In two recent New Jersey cases, courts addressed important public interests related to the juvenile justice system.
In April, the New Jersey Supreme Court, In re State ex rel. C.K., (2018), ruled that the New Jersey Constitution was violated by a statute that permanently barred juveniles found delinquent of certain sex offenses from seeking relief from the registration and community notification provisions of Megan’s law. Although adjudicated juveniles are required to register as sex offenders, they are permitted to have a hearing after 15 years to determine if they have been “offense-free and not likely to pose a societal risk.” The Court recognized that “[o]ur laws and jurisprudence recognize that juveniles are different from adults—that juveniles are not fully formed, that they are still developing and maturing, that their mistakes and wrongdoing are often the result of facts related to their youth and… rehabilitation and reformation of the juvenile remain a hallmark of the juvenile system.” The Court found that the 15-year look-back period provides sufficient safeguards against the commission of an additional offense.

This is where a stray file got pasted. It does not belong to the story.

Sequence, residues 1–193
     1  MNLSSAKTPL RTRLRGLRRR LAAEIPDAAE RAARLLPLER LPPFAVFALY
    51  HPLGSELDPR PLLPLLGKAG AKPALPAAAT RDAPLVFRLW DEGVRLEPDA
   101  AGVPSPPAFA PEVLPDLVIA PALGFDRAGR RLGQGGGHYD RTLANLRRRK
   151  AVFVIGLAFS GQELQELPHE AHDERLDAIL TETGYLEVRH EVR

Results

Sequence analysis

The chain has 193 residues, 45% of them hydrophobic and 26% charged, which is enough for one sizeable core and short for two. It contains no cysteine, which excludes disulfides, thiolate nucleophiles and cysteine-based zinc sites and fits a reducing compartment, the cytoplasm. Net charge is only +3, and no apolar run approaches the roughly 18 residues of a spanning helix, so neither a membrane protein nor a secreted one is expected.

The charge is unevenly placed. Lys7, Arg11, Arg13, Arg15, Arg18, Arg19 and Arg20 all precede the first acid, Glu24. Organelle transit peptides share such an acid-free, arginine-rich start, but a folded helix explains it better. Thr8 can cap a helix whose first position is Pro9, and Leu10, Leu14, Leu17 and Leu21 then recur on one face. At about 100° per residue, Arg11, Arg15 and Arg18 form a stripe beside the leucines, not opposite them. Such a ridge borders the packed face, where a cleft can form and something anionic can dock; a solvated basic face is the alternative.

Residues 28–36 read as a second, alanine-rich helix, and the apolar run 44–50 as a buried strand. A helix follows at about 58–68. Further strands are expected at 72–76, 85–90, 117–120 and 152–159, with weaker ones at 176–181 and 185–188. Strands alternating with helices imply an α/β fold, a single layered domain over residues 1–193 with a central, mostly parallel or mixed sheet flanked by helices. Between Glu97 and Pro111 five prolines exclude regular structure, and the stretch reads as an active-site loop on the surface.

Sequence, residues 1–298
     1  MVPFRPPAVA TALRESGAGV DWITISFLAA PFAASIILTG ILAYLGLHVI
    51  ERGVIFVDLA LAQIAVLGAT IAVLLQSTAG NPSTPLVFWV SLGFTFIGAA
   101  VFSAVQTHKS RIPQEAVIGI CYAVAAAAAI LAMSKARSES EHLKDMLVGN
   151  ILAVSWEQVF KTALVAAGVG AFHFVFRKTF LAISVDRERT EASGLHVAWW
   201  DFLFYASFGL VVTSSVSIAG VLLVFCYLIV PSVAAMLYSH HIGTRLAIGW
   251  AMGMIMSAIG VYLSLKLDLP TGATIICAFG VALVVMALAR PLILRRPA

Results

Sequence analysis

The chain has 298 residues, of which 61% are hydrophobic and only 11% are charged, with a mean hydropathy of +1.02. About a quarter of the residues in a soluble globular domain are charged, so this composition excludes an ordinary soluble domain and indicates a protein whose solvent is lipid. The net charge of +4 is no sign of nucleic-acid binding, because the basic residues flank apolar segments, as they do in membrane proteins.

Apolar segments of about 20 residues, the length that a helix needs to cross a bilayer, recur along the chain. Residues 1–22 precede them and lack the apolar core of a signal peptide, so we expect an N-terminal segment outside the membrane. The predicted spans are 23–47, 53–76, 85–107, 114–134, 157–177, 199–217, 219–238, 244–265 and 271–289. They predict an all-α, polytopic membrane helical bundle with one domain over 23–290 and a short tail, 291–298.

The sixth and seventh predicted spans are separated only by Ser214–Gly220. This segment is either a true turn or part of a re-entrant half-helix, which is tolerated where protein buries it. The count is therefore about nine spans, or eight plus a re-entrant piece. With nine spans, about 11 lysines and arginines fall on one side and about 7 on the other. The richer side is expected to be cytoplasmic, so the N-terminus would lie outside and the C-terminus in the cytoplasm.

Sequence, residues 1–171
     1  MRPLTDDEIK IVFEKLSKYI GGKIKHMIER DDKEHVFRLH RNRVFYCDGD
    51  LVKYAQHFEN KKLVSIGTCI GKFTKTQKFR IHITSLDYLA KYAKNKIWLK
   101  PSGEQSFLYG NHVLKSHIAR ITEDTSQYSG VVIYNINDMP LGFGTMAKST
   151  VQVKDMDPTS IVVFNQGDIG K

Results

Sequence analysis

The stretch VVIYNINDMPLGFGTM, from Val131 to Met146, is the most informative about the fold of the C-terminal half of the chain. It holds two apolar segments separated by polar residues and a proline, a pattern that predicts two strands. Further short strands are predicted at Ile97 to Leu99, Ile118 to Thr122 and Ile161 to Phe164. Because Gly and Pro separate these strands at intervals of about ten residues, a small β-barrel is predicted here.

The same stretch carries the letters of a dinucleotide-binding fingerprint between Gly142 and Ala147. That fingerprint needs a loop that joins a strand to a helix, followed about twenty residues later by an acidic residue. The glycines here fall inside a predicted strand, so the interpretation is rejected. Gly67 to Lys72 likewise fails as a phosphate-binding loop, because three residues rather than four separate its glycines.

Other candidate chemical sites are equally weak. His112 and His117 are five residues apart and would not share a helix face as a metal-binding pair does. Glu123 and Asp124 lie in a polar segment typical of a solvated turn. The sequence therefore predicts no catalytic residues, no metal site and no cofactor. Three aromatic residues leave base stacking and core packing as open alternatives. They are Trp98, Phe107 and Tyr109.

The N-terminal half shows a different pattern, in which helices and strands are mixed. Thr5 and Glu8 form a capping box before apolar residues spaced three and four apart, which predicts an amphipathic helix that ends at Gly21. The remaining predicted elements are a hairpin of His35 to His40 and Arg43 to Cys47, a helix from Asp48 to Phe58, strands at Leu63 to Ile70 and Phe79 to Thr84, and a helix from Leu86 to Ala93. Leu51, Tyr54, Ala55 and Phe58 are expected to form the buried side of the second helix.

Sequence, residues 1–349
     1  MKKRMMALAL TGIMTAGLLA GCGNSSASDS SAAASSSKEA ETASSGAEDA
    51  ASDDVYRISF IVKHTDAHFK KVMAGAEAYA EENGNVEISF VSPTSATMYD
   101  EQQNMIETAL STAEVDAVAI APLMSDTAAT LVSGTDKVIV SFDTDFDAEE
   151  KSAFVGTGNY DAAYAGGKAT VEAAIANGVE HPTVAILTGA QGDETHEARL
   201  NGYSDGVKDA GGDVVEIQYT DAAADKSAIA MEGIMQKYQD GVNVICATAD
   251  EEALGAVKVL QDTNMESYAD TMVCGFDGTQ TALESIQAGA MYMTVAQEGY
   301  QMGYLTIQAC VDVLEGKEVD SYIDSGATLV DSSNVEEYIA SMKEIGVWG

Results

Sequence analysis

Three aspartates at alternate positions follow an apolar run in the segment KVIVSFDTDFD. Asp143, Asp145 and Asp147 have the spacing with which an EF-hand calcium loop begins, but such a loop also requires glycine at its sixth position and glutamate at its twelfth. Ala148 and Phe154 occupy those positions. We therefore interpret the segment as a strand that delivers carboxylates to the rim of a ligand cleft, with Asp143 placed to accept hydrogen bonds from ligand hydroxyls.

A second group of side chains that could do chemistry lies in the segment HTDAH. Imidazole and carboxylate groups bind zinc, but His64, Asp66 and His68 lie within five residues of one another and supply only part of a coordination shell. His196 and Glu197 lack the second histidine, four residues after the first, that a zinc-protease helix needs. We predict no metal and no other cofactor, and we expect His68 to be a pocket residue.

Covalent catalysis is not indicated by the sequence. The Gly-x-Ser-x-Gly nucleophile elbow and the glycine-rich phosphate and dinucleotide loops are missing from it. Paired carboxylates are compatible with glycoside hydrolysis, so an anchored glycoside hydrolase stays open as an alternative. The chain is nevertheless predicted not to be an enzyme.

In an unpublished Appellate Division case, State of New Jersey in the Interest of C.G. (App. Div. May 31, 2018), a juvenile appealed a sentence which required that he register as a sex offender. He argued that the statutory ban on jury trials in juvenile matters violated his constitutional rights. The Appellate court denied the appeal, noting the distinction between the state’s adult and juvenile systems. Since the juvenile system is focused on rehabilitation and reformation of the juvenile, a jury trial would deprive the juvenile system of its “flexibility” to achieve its policy goals.
With these recent developments, it is clear that the rights of juveniles in New Jersey will continue to present constitutional and public interest challenges.
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